After you’ve connected all of the units that you want to set up, you can start signing devices into the new WiFi network. No matter how many eero units you have, it’s just one sign-in and one password. It’s all the same network. If your wireless printer is on the bottom floor and you’re all the way on the top floor at the other end of the house, you will still be able to print from your laptop over WiFi, because it’s all one network.
Family Profiles and Devices
The next step is to make profiles on the app for each of your family members. Any devices that are on the network (or have been recently) will show up under “Connected Devices,” and you can assign them nicknames so that it’s easier to keep them straight.
Computers are usually easy to identify because you’ve probably already named your computer something, and that name should show up on the app. Phones can be a bit trickier. My son and I both have LG phones, so I connected mine first and gave it a nickname before he got on the network.
You only have to do this once. Once you’ve named devices, that’s it. They’re named unless you choose to change them, no matter how many times they go on and off of the network.
Each device can be assigned to a profile. And each profile’s internet access can be controlled individually. Let’s say I want to turn Fiona’s internet off every weeknight from 10pm-6am. I can schedule that! Or, if I just want to pause her internet while she cleans her room, I can hit the pause button on her profile. Seriously, it could not be easier.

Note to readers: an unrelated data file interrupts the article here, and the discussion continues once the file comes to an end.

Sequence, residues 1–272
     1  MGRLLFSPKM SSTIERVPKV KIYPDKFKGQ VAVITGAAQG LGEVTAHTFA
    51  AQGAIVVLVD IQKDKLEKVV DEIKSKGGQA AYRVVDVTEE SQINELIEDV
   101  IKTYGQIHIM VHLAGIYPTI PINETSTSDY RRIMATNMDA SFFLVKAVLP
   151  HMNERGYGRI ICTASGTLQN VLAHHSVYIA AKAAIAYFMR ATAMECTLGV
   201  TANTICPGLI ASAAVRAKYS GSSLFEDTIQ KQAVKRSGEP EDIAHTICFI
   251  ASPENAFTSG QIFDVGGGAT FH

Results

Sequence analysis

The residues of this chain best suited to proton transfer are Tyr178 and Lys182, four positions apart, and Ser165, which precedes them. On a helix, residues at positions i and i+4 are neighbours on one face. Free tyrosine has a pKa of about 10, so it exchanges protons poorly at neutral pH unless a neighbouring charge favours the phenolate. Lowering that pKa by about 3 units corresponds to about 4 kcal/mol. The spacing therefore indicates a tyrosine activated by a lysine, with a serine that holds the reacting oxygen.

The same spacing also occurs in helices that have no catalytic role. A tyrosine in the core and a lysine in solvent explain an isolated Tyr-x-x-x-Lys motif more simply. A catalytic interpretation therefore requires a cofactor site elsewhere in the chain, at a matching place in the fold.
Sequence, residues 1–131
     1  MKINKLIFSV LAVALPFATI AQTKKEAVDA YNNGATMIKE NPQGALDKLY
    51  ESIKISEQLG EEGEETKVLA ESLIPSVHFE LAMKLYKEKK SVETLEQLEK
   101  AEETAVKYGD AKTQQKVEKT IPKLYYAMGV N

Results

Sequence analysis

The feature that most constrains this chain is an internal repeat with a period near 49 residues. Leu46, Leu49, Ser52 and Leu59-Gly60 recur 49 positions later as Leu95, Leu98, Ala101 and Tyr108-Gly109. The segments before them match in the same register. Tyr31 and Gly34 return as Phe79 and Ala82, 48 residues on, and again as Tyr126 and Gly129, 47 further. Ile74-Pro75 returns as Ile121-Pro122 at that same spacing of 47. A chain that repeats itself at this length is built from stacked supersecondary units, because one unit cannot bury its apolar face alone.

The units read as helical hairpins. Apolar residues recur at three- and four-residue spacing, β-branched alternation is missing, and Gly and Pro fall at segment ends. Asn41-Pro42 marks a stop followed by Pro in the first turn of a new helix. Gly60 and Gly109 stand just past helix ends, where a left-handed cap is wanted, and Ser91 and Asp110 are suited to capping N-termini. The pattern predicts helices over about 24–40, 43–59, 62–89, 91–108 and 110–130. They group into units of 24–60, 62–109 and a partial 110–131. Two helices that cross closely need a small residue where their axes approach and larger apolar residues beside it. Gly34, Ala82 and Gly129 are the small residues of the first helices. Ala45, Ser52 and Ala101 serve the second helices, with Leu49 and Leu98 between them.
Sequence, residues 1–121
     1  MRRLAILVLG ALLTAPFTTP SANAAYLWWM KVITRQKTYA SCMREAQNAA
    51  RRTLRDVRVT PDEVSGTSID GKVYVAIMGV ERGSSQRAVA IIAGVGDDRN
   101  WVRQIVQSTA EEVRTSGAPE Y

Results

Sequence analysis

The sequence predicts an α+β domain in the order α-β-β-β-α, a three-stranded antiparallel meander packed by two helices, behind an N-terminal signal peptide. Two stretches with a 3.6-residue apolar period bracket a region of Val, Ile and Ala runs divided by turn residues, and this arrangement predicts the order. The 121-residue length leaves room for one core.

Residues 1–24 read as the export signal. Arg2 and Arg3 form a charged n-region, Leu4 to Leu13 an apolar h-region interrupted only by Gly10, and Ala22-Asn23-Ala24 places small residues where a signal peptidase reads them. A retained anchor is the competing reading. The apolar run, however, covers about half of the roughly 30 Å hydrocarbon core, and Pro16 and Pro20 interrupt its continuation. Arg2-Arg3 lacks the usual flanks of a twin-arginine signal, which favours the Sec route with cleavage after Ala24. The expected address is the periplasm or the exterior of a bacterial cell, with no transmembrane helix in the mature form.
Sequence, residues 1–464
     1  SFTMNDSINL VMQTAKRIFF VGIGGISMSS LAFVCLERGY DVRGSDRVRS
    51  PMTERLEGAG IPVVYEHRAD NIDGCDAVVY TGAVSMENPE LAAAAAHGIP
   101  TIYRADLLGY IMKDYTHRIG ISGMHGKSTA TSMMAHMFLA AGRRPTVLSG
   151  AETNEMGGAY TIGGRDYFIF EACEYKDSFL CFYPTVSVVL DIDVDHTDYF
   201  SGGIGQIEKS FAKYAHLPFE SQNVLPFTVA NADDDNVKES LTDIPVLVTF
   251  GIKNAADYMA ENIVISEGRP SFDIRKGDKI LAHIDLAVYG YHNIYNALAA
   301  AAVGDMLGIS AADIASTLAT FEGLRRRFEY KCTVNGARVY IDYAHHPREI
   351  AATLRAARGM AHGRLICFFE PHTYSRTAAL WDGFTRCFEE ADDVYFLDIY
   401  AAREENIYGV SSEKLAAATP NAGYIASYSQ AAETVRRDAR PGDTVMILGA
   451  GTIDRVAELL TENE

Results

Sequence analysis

Each device can only be assigned to one profile, so if you have a device that’s regularly used by more than one person (in our case, the Xbox), I would just make a separate profile for that device. That way, you can just shut off the internet to that device, no matter who wants to use it.
Sharing With Guests
Another handy feature is the ability to share either your main network (which may give access to other devices on the network, depending on how you’ve set each of those devices up), or a guest network, which gives WiFi access only.
There’s no need to scribble passwords on a piece of paper or yell them out. You simply choose how you want to share (text message, email, etc.) and the message auto-populates with the network’s name and password.
The app will also run a speed test for you, to let you know how fast your download and upload speeds are at any given time. I ran a test on SpeedTest.net as well for comparison, and the app was accurate.
The app can tell you at any given time which devices are on the network.
Each unit has two ethernet ports in the back, so that you can hook up non-wireless devices too. There’s also a USB port in each one, but these are inactive so far. I’m guessing that at some point, there will be an update to the system and these will be usable.
And last, the eero looks good sitting out on a table or counter! That’s important to me, since the unit needs to be out in the open to work well. It looks like a little Apple product. I’m actually trying to figure out how to hang this one up in a hallway, since it’s servicing two floors and there are no surfaces to place it on:
I highly recommend the eero Home Wifi System. I would recommend it on ease of set up alone – all of the other features (great coverage, great app controls) are just gravy. But if you find yourself constantly having to police your kids and their devices, you’ll find the Family Profile controls invaluable.